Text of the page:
ICT and the Law

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Date added: 17-06-26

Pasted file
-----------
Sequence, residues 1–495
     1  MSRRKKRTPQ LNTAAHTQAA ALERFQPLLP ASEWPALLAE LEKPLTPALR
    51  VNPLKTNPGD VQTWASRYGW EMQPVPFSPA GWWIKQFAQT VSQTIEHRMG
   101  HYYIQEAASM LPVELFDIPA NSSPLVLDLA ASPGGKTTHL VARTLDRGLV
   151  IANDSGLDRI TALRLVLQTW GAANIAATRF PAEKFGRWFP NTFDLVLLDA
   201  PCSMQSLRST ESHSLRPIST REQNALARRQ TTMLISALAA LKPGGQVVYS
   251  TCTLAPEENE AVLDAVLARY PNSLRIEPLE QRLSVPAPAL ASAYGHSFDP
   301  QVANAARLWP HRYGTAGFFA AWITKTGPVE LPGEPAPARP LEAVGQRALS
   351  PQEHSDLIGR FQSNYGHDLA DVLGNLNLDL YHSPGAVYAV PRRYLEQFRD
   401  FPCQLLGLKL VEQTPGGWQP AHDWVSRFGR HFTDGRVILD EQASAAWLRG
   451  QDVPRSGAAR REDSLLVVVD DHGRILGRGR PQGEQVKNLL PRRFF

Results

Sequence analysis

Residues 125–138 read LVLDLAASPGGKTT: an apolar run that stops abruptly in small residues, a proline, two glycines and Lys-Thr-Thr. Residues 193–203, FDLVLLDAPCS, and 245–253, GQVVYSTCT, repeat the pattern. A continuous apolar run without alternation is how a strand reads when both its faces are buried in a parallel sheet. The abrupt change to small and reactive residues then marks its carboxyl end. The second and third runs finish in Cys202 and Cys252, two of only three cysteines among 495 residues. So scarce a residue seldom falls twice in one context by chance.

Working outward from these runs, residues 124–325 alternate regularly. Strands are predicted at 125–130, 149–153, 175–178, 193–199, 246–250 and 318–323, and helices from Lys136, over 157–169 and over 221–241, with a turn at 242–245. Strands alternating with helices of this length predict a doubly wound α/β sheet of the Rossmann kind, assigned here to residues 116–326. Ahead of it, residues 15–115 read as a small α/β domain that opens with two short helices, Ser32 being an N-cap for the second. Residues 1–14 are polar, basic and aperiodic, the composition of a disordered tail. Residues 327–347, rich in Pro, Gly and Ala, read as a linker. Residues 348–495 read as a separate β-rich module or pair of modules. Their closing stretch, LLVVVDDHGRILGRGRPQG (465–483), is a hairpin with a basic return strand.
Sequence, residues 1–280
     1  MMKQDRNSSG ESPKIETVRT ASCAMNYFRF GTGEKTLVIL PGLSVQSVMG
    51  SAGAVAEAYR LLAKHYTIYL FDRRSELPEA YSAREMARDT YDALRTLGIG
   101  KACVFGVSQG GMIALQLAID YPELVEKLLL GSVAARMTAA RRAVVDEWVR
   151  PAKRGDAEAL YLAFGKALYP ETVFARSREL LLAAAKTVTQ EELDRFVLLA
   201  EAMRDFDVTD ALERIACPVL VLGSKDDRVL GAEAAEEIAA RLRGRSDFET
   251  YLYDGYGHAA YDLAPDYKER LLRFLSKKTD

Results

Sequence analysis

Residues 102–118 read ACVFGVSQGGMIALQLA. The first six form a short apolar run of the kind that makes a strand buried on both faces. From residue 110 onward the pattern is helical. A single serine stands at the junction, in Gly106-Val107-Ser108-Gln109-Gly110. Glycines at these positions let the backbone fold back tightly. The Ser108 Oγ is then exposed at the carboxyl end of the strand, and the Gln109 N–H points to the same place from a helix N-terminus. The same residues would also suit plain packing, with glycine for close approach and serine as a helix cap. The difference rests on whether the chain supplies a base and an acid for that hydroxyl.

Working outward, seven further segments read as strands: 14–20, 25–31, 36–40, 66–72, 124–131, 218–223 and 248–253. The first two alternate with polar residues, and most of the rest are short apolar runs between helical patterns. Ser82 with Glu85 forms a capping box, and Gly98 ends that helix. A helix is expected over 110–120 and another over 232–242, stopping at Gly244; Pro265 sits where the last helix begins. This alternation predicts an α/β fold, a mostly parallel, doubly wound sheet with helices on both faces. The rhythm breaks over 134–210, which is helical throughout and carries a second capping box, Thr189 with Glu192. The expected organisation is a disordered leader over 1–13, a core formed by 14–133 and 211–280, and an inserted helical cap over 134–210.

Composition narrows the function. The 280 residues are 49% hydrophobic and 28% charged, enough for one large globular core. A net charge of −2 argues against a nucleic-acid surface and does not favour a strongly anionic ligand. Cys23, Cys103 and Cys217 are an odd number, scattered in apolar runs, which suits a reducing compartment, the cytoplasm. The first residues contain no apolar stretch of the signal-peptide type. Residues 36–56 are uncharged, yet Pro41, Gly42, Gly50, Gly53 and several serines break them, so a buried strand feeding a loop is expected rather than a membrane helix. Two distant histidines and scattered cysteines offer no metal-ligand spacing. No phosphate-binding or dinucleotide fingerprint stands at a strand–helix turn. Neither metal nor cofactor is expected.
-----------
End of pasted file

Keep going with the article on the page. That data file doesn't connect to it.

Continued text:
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ICT and the Law 1.Cybercrime in the UK: Cybercrime, is a growing problem for law enforcement agencies worldwide; what actions can be taken against such criminal activity in the UK and are there any implications regarding an individual’s rights? Cybercrime, or ‘computer misuse’, is defined by the Computer Misuse Act 1990 as recently amended by the Police and Justice Act 2006 as ‘unauthorised access to computer material’. A person is deemed to be guilty of this crime if they have carried out activities to gain access to data without permission and they have done this with full knowledge and intent. Due to recent technological advancements that have enabled the world to become a more efficient and dynamic place, there has simultaneously been a rise in reported cyber crime in the UK and across the globe (Prasad, 2004). In addition, it has been said that there has been a shift from financial hacking to the access of sensitive business and government data with the view to blackmail and extort (BBC News, 2015). This essay is going to discuss what can be done to fight against the growing issue of cyber crime as well as assess the dangers it poses to individuals and their rights. As previously stated, cyber crime is anything that involves a computer and a network. It can range from financial scams, pornography or spreading a virus in a chain of emails (BBC News, 2015). Initially, financial gain appeared to be the motivating factor, however, more and more examples of stalking, extremist sites and politically centered attacks are being detected (Wold and Shrivers, 1990). Once more, in 2010 it was found that cyber crime targeting mobile phone devices had increased by nearly 50% (FT.com, 2011). It would seem that criminals have spotted the growth in mobile gaming, communication and applications in order to integrate and mask their scams and ultimately gain access to individuals’ private information. In 2014, several celebrities had their social media sites such as Instagram and Twitter hacked alongside their iCloud accounts through the form of phishing. These areas held personal information about and images of themselves (BBC, 2014). Many were threatened and blackmailed by the perpetrators to ultimately have the images leaked anyway. This is a prime example of the breach of an individuals’ right to private life as detailed in the European Convention on Human Rights Article 8. Once more, it also demonstrates its ability to cause reputational damage to an individual or an organisation; often a key motivator for these types of attacks (McQuade, Colt and Meyer, 2009). One of the main strategies that can be adopted to avoid the aforementioned scenario is to always check that the email is correctly addressed to the recipient. In addition, checking the sender’s email address carefully for authenticity could also reduce the propensity for responding to a falsified message. Finally, Apple, PayPal and many other Internet e-commerce sites will not ask you to verify or change any details regarding your passwords or financial information via email (Norton.com, 2015). If this advice is followed, it could significantly reduce the likelihood of damage and save the government millions in the form of compensation. In 2008 the Police Central E-Crime unit was established in an effort to counteract the rise in cyber crime in the UK. Over £600 million pounds has been invested in developing systems to prevent and detect cyber crime alongside collaboration with other countries. A very serious culture has been generated; dealing with instances of cybercrime as a tier 1 threat that can be deemed to be terrorism or classified as a ‘major incident’ (BBC, 2010). However, it has been said that many systems in place are no longer advanced enough and are subsequently incapable of being effective. The police and the law often ‘lag behind’ not necessarily being proactive but reactive in nature. It would seem that there is a real need for the arms of state to be strategically thinking of ways to counteract cybercrime. The judiciary, legislature and executive need to more effectively develop the sharing of information so as to reduce the propensity for cybercrime escalating. Another issue that perpetuates cyber crime is the difficulty in identifying where the original crime took place (KPMG International, 2011). This is further aggravated by the shortage of skilled ‘cyber crime fighters’ to detect and catch criminals at work (Parker, 1998). A possible solution to this could be for the government to channel some of their investment into training more individuals in this area (Dot-ie, 2010). However, it has to be said that the issue of cyber crime could arguably be a wider more economically driven problem. Due to levels of unemployment rising in many areas of the world, there has been a movement of talented individuals who have turned to ‘underground cyber crime’ where financial information is sold over an untraceable site (Cabinet Office and Detica, 2011). Therefore, it would seem that governments need to address basic economical issues if they are to eradicate cyber crime. Heating up the economy through investment in the public sector as well as in private businesses could arguably result in more jobs and incentives being offered to those ‘talented individuals’ as opposed to them turning to illegal means of making a living. It is the age-old issue due to lack of adequate pay in public sector jobs many feel it is not lucrative enough for them to join the career. If the demand for highly skilled employees is evident this should be reflected in the remuneration. Perhaps this is where the disparity is arising. Furthermore, it would seem that more could be done in educating people about the dangers of purchasing inauthentic products off the Internet. Downloading a pirated version as opposed to purchasing the real thing is another way cyber crime is growing. These types of programs do not contain adequate security systems but several viruses embedded within them. This makes individuals vulnerable to hacking as well as viruses damaging their systems. In 2009, the UK government introduced the ‘Cyber Security Strategy’ in an effort to help fight against the effects of cyber crime and to work in conjunction with other units to prevent the misuse of computers and the Internet. Once more, the Digital Britain Report highlighted the UK government’s interest in making the Internet a safer place to trade. In 2008, £48 billion pounds was made through online retail (House of Commons, 2013). Therefore, it is of vital importance that the UK government think of effective ways of reducing cyber crime during retail transactions. The issue of identity theft is also prevalent in relation to cyber crime. This is where criminals obtain sensitive information usually to gain access to financial data. As stated by the Home Office within the first ‘6 months of 2009 there was 43% more victims of impersonators; a 74% increase’ from the year before (Home Office, 2010, pg. 13). This is another example of where individuals and their rights to private life are affected, causing them to be victims of fraud. This in turn lowers consumer confidence in e-commerce; a potentially dangerous and damaging occurrence that could affect the health of the UK economy. Having a strong response to these crimes, collaborating with international partners and working with businesses in terms of making their sites and products more resilient to cyber crime is another strategy that can be adopted by government (Home Office, 2010). Moreover, the increase in child abuse often in the form of grooming or pornography over the Internet is another issue reported on as well as defamation and racial hatred sites. The Home Office pledge to counteract the upsurge in this type of crime by ‘creating a hostile environment’ whereby specialist units and the incorporation of legislation such as the Criminal Justice and Immigration Act (2008), Sexual Offences Act (2003), Terrorism Act (2006), Race Relations Act (2000) and The Protection From Harassment Act (1997) serve as a safeguard and enables a quick response in detecting and destroying situations where these offences can arise. Overall, it is apparent that many things could be done to try and reduce the risk of cyber crime in the UK and internationally. Although technological advancement is pivotal to our progression and survival it would seem it comes at a real cost if it gets into the wrong hands. Ensuring that people are educated and warned against the dangers of responding to emails from unknown senders, more high quality training and incentives are provided to counteract the current uprising wave in cyber crime and finally, legislation is proactive and forward thinking so as to create a blanket of safeguards is vital if the UK are to fight against cyber crime and its devastating effects. In 2015, the government passed the Bill for the Serious Crimes Act 2015 which further amends and strengthens The Computer Misuse Act 1990. It is now an offence to perform unauthorized acts that cause serious damage. Hopefully, the judiciary in conjunction with Parliament and The Cabinet will continue to develop a system that is not just ‘reasonably equipped’ Bainbridge (2004, pg. 359) but strongly resilient so as to protect individuals, businesses and the UK’s safety. References: Academic Books: Bainbridge, D., (2004) An Introduction to Computer Law, 5th edition, London Pearson Education McQuade, S., Colt, J., Meyer, N., (2009) Cyber bullying: protecting kids and adults from online bullies, Conneticut:London, Praeger Parker, D.B (1998) Fighting Computer Crime: A New Framework for protecting information, London, Wiley Prasad, R., (2004) Cyber Crime: Combat Strategies, Hyderabad, ICFAI University Press Wold, G., Shriver, R., (1990) Computer Crime: techniques, prevention and detecting crime in financial institutions, London, McGraw Hill Websites BBC News (2010) UK cyber security plans ‘essential’ for strong defence http://www.bbc.co.uk/news/technology-11566145 Accessed March 20th 2015 BBC News (2014) Apple ‘Celebrity photos targeted by hackers’ http://www.bbc.co.uk/news/technology-29032705 Accessed March 20th 2015 BBC News (2015) The worldwide crime web http://news.bbc.co.uk/hi/english/static/in_depth/uk/2001/life_of_crime/cybercrime.stm Accessed April 22nd 2015 Cabinet Office and Detica (2011) The Cost of Cyber Crime https://www.gov.uk/government/uploads/system/uploads/attachment_data/file/60942/THE-COST-OF-CYBER-CRIME-SUMMARY-FINAL.pdf Accessed March 23rd 2015 Dot-ie (2010) Interpol Boss warns of cybercrime skills shortage http://www.dot-ie.com/tag/attack/ Accessed March 23rd 2015 FT.com (2011) Threat of mobile cyber crime on the increase http://www.ft.com/cms/s/0/5a4ed514-32e5-11e0-9a61-00144feabdc0.html#axzz3Z9fHdpDD Accessed April 20th 2015 Home Office (2010) Cyber Crime Strategy http://www.publications.parliament.uk/pa/cm201314/cmselect/cmhaff/70/7004.htm#n1 Accessed April 10th 2015 House of Commons (2013) http://www.publications.parliament.uk/pa/cm201314/cmselect/cmhaff/70/7004.htm#n1 Accessed April 2nd 2015 KPMG International (2011) Cybercrime a growing challenge for governments https://www.kpmg.com/Global/en/IssuesAndInsights/ArticlesPublications/Documents/cyber-crime.pdf Accessed March 20th 2015 Norton.com (2015) 7 tips to protect against phishing http://uk.norton.com/7-tips-to-protect-against-phishing/article Accessed March 20th 2015 Legislation Computer Misuse Act 1990 Protection From Harassment Act 1997 Race Relations Act 2000 Sexual Offences Act 2003 Police and Justice Act 2006 Terrorism Act 2006 Criminal Justice and Immigration Act 2008 The Bill for Serious Crimes Act 2015